16. The Wake (Vertigo)
It might be unfair to include this eight-issue mini here, as we’re only about halfway done with it in 2013, but the story is so engaging, so different, and so challenging. It’s not that it’s decompressed so much as it is deep. It’s appropriate that it takes place underwater, because the true motives of the characters and the issues they’re dealing with are submerged, and only gradually being brought to the surface. And the art … Is Sean Phillips. No more need be said.
15. Superior Spider-Man (Marvel)
Unless you’ve been hiding under a rock, you know Otto Octavius is now living out his old age in the young(er) body of Peter Parker. Yes, the premise is dumb. Even dumber than the wonderful Travolta/Cage monument to overacting that is known as Face/Off. It’s dumb even in a world where a radioactive spider can give someone powers.
But it works.
Not only does it work, it’s hilarious. And it challenges all the notions of Spider-Man that came before: If Pete’s so smart, why didn’t HE think of all the stuff Doc Ock is doing? We alI know this narrative body-switch won’t last forever, but while it lasts it’s a great change of pace. I can’t wait to see how Peter puts it all back together.
14. Rachel Rising (Abstract)
If you’re a regular reader of my blog, you know I’m in love with Terry Moore. He can do no wrong in my book. His first major work, Strangers In Paradise was a long, sprawling love story wrapped in a tale of intrigue and karate. Next came Echo, a neo-realistic look at an Extremis-type Iron Man character, and an extremely thought-provoking piece of science fiction. Now, he’s moved on to horror in one of the most genuinely disturbing and (as always) beautifully drawn comic books of all time. Every page is a wonder—every panel could be framed and put on your wall. And the story is a twisty and completely unpredictable. Even if you don’t like zombies and witches, you should give it a try.
13. Five Weapons (Image)
Jimmie Robinson’s miniseries asks the question: Does anybody remember FUN? This tale of a young assassin in an assassin school was constantly inventive and surprising, twisty and joyous. The final act didn’t hold together very well, but the first four issues were gold and well worth the price of admission. As a bonus, any kid age about 10 and up will adore this book.
12. Young Avengers (Marvel)
Kieron Gillen is doing some of the best dialog and character work at Marvel, but the real trophy here has to go to Jamie McKelvie, whose innovative layouts and designs continue to push the envelope. He’s offered numbered diagrams of fight scenes, eschewed standard wide screen/six panel pages for slanted, swirling, curved and arced panels that express as much about the characters in them as the dialog itself. One of my favorite examples was having characters who were trapped escape their prison by, literally, crawling out of the panel on the page—yet, because it’s a comic book, they’re still on a page! It’s way beyond literal visual storytelling. It’s something that can only be done in comic books. Movies can’t do that. TV can’t. Books can’t. Just comics.
11. Fury MAX: My War Gone By (Marvel MAX)
Garth Ennis and Goran Parlov team up again for the first time since their brilliant work on Punisher MAX to tell the non-canon version of Nick Fury’s story. It shows the progression of a warrior from a young idealist to an old, haunted, and broken soldier. Comics about red tape and politics are hard to make, and harder to make interesting, but this one clicked on all levels—right up to the heartbreaking conclusion. If this is the last MAX book Ennis ever does, it’s a fitting end to his work with Marvel. Also: It’s got Barracuda in it. So there’s that.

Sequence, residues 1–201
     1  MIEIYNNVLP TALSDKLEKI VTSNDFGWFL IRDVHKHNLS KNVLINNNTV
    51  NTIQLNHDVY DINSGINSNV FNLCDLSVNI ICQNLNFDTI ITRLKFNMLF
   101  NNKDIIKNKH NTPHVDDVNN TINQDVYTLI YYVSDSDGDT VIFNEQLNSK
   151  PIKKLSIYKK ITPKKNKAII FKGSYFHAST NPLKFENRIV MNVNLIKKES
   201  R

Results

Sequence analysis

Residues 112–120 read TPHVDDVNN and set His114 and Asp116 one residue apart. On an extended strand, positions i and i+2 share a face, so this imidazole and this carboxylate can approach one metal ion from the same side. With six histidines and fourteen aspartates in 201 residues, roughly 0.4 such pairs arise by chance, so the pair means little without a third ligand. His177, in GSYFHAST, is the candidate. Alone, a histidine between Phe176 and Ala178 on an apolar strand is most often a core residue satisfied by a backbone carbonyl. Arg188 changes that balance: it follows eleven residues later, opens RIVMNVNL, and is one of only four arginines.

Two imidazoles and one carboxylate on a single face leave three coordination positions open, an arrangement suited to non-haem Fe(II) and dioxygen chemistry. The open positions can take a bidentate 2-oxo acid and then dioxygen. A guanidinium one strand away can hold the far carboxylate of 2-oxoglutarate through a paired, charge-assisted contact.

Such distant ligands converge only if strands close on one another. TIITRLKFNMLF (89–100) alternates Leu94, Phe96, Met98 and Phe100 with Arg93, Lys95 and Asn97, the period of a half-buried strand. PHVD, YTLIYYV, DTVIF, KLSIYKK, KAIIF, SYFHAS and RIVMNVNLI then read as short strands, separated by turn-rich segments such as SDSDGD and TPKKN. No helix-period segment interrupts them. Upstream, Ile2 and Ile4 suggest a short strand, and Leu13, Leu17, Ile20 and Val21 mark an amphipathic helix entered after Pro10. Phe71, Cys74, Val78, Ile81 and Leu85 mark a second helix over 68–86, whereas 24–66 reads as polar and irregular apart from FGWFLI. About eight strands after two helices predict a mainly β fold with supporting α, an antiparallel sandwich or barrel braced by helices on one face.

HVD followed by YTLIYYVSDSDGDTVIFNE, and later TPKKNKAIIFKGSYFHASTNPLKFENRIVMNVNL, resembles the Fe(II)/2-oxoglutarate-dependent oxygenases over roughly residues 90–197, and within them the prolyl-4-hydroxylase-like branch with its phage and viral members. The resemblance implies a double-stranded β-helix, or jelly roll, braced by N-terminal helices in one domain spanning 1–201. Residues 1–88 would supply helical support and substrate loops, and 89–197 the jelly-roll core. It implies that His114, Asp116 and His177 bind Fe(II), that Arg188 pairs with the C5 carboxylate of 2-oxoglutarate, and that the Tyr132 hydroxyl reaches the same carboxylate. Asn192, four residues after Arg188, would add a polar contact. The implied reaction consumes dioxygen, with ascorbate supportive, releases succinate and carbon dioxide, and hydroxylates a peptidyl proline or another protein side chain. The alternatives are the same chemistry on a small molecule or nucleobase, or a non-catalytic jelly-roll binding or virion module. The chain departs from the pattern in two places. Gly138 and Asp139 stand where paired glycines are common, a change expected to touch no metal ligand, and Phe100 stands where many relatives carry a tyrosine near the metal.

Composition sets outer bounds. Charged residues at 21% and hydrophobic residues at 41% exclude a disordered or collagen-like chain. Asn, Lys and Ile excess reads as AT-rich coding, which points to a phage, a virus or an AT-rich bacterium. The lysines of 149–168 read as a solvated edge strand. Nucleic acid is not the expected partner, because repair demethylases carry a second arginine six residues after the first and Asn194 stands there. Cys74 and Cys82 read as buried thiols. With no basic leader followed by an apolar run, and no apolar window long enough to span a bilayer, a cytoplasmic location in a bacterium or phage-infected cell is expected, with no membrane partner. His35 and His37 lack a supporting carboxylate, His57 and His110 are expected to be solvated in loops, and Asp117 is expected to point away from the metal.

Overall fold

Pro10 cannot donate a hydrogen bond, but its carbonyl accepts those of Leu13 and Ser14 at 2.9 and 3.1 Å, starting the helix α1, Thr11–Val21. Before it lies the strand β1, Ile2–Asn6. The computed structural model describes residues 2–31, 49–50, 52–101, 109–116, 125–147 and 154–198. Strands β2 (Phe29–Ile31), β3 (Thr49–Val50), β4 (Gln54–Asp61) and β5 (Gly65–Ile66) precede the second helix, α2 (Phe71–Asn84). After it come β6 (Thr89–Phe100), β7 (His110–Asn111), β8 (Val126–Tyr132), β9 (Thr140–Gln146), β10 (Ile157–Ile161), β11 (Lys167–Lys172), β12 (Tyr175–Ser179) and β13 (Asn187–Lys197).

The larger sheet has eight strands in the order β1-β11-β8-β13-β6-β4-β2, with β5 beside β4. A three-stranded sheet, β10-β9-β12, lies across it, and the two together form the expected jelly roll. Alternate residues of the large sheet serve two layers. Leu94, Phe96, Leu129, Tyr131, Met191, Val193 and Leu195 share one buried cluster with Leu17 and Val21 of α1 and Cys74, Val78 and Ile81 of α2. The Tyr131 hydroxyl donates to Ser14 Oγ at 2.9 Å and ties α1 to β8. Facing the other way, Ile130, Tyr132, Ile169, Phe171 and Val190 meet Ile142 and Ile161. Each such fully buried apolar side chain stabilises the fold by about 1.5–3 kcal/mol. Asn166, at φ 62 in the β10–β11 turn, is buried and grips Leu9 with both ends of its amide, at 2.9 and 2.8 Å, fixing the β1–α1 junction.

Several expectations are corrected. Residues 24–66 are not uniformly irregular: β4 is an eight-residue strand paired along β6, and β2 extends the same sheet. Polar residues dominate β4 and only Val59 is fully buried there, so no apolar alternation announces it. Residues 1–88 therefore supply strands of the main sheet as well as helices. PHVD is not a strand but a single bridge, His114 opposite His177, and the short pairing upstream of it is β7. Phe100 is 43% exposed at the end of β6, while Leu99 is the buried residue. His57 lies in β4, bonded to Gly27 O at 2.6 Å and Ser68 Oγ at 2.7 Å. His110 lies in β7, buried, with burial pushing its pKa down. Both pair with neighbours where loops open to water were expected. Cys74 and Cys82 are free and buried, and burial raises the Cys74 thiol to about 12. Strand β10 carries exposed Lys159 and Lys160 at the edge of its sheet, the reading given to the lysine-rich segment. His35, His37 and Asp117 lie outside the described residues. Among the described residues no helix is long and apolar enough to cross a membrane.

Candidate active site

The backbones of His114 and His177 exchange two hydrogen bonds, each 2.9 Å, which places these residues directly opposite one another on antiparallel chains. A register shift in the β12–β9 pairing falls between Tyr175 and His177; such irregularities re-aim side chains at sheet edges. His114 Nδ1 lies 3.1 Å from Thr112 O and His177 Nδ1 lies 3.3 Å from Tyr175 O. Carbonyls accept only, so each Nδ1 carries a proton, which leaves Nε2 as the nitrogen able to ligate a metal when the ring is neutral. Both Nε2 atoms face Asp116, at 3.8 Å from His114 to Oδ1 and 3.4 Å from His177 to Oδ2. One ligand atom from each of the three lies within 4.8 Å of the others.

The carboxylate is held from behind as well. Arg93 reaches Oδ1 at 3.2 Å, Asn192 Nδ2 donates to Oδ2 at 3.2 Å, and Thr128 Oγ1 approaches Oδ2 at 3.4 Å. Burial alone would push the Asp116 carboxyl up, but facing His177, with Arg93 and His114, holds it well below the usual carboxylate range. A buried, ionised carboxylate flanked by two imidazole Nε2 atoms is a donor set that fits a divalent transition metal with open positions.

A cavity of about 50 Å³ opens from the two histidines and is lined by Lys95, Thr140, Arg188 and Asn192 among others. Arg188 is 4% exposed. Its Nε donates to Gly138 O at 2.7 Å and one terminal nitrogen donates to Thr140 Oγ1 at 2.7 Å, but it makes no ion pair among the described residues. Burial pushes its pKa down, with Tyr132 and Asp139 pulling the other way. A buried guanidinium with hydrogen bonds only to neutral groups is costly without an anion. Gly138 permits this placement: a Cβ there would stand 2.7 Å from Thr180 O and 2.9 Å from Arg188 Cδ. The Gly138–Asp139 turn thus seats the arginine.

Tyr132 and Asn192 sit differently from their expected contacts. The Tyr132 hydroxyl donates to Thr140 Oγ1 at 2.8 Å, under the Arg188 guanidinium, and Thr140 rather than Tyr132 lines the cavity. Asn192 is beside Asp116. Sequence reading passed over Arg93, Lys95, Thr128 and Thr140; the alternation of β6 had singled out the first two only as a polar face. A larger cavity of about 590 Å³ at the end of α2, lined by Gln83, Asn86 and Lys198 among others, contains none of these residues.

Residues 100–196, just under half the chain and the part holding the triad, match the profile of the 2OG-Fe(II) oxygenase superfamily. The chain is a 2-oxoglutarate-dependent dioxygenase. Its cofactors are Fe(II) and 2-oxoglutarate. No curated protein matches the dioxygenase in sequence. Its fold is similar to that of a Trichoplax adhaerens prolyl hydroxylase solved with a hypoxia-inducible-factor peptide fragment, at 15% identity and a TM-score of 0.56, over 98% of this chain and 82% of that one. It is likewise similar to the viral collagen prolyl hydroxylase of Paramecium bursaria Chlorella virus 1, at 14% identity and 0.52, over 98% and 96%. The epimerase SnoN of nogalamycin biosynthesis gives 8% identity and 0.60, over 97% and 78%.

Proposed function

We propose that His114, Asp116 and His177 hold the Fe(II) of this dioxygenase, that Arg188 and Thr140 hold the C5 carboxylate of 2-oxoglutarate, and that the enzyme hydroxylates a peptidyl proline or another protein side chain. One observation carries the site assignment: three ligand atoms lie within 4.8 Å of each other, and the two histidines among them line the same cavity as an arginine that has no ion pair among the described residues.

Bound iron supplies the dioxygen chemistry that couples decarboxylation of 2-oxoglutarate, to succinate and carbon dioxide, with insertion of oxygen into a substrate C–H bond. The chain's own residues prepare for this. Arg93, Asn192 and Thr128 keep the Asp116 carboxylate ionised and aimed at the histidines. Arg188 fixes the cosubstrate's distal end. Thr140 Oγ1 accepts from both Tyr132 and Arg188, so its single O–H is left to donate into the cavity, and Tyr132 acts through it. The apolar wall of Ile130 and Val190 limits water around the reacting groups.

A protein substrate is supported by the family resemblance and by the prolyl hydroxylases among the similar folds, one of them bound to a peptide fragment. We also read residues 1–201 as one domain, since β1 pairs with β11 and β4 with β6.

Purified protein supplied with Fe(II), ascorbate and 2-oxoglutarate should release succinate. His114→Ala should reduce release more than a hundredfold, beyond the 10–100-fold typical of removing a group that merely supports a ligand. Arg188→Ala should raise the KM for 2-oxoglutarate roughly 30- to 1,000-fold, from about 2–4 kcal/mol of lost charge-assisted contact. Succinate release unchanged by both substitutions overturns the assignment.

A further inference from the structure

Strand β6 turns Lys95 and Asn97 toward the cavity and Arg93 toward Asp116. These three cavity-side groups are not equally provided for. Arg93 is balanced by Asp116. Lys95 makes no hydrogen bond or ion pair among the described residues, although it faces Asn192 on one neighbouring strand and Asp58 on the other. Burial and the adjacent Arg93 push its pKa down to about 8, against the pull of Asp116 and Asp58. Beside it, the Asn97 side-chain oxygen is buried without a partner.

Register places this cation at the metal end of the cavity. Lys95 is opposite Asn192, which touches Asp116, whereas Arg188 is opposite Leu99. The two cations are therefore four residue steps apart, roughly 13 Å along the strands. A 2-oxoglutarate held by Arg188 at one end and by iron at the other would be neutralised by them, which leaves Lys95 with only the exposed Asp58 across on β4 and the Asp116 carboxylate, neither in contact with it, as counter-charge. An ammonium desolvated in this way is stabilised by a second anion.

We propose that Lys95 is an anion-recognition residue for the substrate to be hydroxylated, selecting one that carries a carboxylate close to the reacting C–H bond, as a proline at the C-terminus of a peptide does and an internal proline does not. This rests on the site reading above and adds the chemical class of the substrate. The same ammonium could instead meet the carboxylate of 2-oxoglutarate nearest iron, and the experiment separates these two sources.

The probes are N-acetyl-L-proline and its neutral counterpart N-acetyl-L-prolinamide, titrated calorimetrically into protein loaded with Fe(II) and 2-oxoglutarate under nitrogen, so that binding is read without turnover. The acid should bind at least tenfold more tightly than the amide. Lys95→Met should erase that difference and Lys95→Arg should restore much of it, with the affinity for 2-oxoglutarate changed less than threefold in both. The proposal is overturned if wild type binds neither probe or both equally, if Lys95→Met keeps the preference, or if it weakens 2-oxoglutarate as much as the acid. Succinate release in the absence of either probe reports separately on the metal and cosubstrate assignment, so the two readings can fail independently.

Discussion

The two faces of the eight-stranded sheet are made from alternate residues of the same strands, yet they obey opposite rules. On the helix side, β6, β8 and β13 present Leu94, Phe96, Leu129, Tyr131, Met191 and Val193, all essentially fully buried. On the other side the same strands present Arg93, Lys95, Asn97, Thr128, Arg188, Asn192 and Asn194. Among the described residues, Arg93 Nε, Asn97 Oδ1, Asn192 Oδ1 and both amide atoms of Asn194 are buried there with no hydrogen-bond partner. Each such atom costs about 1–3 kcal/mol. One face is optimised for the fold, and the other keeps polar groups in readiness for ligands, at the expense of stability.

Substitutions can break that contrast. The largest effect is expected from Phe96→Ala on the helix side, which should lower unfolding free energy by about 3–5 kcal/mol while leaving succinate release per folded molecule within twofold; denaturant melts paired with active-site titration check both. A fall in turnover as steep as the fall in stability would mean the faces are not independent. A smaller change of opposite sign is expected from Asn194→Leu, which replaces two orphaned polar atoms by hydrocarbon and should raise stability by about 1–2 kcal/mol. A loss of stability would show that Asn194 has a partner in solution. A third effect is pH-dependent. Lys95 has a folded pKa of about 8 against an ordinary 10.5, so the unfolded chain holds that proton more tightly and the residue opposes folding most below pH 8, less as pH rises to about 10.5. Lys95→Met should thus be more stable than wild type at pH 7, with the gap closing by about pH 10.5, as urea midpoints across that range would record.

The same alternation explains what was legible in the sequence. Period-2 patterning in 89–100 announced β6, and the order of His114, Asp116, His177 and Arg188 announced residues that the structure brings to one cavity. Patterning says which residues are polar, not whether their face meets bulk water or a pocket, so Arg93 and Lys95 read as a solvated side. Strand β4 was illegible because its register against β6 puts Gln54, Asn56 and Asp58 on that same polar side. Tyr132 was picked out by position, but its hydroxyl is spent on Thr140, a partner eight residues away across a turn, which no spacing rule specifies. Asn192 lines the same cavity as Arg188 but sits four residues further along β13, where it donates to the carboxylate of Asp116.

10. Lazarus (Image)
Selecting the tenth-best book was tough for me. Something about being in the top 10 (versus the top 20) seems important, but several of the books below this one could have cracked the top 10 as well. I went with Greg Rucka and Michael Lark’s Lazarus for two reasons: Not enough people are talking about it (what with so many other brilliant Image Comics to choose from), and Greg Rucka never gets enough credit. The man writes circles around most others in the field, and yet his name is rarely raised in the same discussions as Grant Morrison, Jonathan Hickman, Bryan Vaughn, Brian Bendis…But it should be. Lazarus combines the grit and grime of Rucka’s best Gotham City stories with a look at a bleak future that harkens back to Feudal Europe. It’s genius.
9. Deathmatch (BOOM!)
Paul Jenkins and Carlos Magno have been quietly tearing it up with this book. The concept is pretty much the same as Avengers Arena, Hunger Games, Battle Royale, and many others that have come before: People are stuck in a room and can only get out by killing each other. What distinguishes this book are the characters: All new heroes, all new villains, and most of them are highly original. It’s not like so many “new” superhero universes where you can look at each character and say “he’s the Batman, he’s the Superman, he’s the Flash.” These characters have creative power sets, and even those with abilities that seem familiar also have enough depth to them to feel like innovations. And Jenkins simply drops us into the universe: Rather than run through a bunch of listless origin stories, we the reader have to learn about these characters through the story itself, making every character a mystery within the larger mystery that serves as the center of the story: Why were they taken? How are they being held hostage? Who is behind it? This is a great book with the potential for even greater spin-off titles. I can’t imagine where it’s going, but I hope at least some of the characters will live past this death match.
8. Daredevil: End of Days (Marvel)